The Pros and Cons
When it comes to the advantages of additive manufacturing, these are well documented and also obvious from the preceding paragraphs. But here, once again, a brief listing is presented for easy reference:
  • Material Innovation: New materials, such as high-performance polymers, metals, and composites, are being developed specifically for AM. These materials offer superior strength-to-weight ratios and durability.
  • Precision and Complexity: AM enables the production of intricate designs that were previously impossible or cost-prohibitive with traditional manufacturing methods. This capability is crucial for aerospace and defense applications, where precision is paramount.
  • On-Demand Production: The ability to produce parts on demand reduces the need for large inventories, leading to cost savings and improved supply chain efficiency.

Benefits in Aerospace

  • Weight Reduction: Lighter components lead to fuel savings and increased payload capacity. The best example is the jet nozzle for GE Aviation's LEAP engine cited right at the beginning.
  • Cost Efficiency: By reducing material waste and simplifying the manufacturing process, AM can significantly lower production costs. This is particularly beneficial for low-volume, high-value aerospace parts
  • Customisation: AM allows for the customisation of parts to meet specific requirements, improving overall aircraft performance and maintenance.
  • Rapid Prototyping: AM accelerates the development and testing of new defense technologies, enabling faster response to emerging threats.
  • Field Manufacturing: The potential for on-site production of parts and equipment in remote or hostile environments enhances operational readiness and reduces logistical challenges.
  • Enhanced Design Capabilities: The freedom to design more complex and efficient structures can lead to improved weapon systems, protective gear, and other defense applications.
However, there are some challenges in wide-scale adoption of additive manufacturing that still need to be overcome. These include:
  • Certification and Standardisation: Ensuring consistent quality and performance of AM parts is critical. There is the ever-important need to first establish and then validate protocols to ensure the integrity of components produced by AM, to ensure they meet or exceed the stringent requirements as in the case of conventionally manufactured products. The development of industry standards and rigorous testing protocols is an ongoing process.
  • Quality Control: This is again a critical requirement and calls for stringent monitoring and parts verification in order to maintain the highest safety and performance standards. Early detection of defects and variations in material properties enable rapid corrective actions.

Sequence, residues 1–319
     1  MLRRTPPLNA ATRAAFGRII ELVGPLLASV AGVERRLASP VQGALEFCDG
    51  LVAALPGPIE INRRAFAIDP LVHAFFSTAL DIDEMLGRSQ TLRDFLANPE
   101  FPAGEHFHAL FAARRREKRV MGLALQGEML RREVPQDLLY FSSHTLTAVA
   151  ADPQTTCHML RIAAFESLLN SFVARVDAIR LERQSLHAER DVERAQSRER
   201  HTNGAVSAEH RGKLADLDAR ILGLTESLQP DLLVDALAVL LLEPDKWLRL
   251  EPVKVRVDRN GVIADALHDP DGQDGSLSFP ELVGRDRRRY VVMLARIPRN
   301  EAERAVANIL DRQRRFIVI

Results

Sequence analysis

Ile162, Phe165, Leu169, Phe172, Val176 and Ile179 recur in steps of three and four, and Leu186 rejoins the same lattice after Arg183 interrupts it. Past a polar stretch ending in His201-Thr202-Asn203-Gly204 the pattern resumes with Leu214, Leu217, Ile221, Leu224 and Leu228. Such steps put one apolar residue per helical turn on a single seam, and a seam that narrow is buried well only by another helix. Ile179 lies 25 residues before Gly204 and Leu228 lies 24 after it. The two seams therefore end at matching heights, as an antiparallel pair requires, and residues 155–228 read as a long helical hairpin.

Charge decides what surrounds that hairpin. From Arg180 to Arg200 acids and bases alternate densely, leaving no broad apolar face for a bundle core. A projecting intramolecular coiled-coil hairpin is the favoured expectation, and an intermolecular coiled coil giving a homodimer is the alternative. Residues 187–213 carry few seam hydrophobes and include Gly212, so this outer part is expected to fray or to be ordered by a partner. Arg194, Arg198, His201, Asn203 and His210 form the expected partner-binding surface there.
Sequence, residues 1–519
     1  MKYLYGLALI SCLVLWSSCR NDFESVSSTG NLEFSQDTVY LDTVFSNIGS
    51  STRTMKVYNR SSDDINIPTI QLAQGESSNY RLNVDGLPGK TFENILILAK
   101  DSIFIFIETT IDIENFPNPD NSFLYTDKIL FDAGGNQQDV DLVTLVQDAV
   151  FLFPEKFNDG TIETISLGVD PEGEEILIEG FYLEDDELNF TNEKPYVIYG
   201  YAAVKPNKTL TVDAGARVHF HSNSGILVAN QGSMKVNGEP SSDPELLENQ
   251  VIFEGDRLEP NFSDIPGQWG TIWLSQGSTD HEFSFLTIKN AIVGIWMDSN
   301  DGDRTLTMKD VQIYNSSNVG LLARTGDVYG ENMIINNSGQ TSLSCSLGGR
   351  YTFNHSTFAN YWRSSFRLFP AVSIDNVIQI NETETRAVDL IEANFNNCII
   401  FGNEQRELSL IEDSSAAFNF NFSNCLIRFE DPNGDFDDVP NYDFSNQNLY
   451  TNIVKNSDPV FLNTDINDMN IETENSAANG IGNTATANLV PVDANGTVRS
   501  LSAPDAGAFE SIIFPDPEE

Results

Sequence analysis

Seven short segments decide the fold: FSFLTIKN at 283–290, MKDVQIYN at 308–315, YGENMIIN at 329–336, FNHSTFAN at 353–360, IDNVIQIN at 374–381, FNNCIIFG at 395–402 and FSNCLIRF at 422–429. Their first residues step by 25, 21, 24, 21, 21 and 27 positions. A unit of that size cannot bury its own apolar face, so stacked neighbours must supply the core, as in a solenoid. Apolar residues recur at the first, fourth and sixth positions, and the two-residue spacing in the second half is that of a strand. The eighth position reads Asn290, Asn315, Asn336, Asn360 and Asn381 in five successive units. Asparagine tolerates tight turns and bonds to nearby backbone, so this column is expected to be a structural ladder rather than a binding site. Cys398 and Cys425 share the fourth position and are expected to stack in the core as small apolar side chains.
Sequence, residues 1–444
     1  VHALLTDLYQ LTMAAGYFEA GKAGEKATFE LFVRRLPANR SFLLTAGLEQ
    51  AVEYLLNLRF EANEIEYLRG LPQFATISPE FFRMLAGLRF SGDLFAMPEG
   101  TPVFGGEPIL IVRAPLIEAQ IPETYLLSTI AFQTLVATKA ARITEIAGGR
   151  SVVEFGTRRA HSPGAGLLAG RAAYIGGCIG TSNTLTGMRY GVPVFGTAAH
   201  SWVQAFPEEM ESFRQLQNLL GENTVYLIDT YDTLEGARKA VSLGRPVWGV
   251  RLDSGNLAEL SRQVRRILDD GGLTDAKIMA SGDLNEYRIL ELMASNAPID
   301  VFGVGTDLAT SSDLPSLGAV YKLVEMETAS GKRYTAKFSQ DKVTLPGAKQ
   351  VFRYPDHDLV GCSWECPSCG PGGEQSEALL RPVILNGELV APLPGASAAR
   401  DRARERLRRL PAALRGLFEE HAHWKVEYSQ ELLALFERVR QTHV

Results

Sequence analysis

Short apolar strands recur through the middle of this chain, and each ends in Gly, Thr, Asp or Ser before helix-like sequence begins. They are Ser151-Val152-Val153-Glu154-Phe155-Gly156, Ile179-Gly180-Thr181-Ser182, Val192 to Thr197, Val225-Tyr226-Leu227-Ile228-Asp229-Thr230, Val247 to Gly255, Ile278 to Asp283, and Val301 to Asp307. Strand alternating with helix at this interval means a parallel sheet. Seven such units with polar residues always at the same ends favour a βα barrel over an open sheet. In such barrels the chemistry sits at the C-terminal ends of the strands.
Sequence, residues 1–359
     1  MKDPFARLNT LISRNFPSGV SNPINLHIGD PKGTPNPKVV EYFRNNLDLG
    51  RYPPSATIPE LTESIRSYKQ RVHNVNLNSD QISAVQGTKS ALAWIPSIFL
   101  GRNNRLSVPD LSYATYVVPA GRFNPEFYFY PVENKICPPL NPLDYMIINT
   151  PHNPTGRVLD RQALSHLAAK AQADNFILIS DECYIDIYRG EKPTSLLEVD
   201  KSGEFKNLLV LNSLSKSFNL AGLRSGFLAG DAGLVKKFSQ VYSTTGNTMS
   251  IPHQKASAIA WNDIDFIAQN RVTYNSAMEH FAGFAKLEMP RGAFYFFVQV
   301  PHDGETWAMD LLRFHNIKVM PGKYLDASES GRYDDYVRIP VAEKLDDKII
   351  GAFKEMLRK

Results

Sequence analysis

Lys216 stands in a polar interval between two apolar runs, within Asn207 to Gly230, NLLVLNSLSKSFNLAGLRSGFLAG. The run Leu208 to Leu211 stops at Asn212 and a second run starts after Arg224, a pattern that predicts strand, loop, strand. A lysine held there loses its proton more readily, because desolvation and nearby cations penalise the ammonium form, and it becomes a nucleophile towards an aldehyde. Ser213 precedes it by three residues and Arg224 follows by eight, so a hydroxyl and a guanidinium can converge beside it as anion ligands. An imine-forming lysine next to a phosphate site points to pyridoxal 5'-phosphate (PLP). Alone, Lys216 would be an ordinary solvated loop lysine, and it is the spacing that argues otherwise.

• Scalability: As a relatively new technology that started by producing one-off components, scalability is important. This is especially true in case of metal parts manufactured by AM for serial production even as the majority of parts and components are still manufactured by conventional processes.
  • Intellectual Property and Security: In the digital era, protecting sensitive designs and preventing unauthorised reproduction of critical components is a major concern. Solutions include digital rights management and secure data transmission.
  • Addressing the Skill Gap: The adoption of AM requires specialised knowledge and training. The industry has taken the lead by engaging with the student fraternity and further investment in education and workforce development is essential to fully realise the potential of this technology.
Conclusion
Additive manufacturing is poised to revolutionise the aerospace and defense industries. Its ability to produce high-quality, lightweight, and customised components offers significant advantages. While challenges remain, ongoing advancements and the integration of complementary technologies promise a future where AM plays a central role in shaping the next generation of aerospace and defense solutions. Going forward, with the maturing of the digital ecosystem, the combination of artificial intelligence and Internet of Things can optimise manufacturing processes, predictive maintenance, and supply chain management in the emerging industrial metaverse, with digital twin playing an important role. As the world moves towards sustainability and a circular economy, additive manufacturing will become even more important to every industry segment and not just aerospace and defense.

References
1. https://markforged.com/resources/blog/additive-manufacturing-history
2. https://www.colibriumadditive.com/news/metal-3d-printing-now-were-shooting-it-space
3. https://www.rheinmetall.com/en/media/news-watch/news/2023/june/2023-06-28-mobile-smart-factory
4. https://news.lockheedmartin.com/2022-12-07-Lockheed-Martin-Sintavia-Team-Up-Advance-Metal-Additive-Manufacturing
5. https://www.whitehouse.gov/cea/written-materials/2022/05/09/using-additive-manufacturing-to-improve-supply-chain-resilience-and-bolster-small-and-mid-size-firms/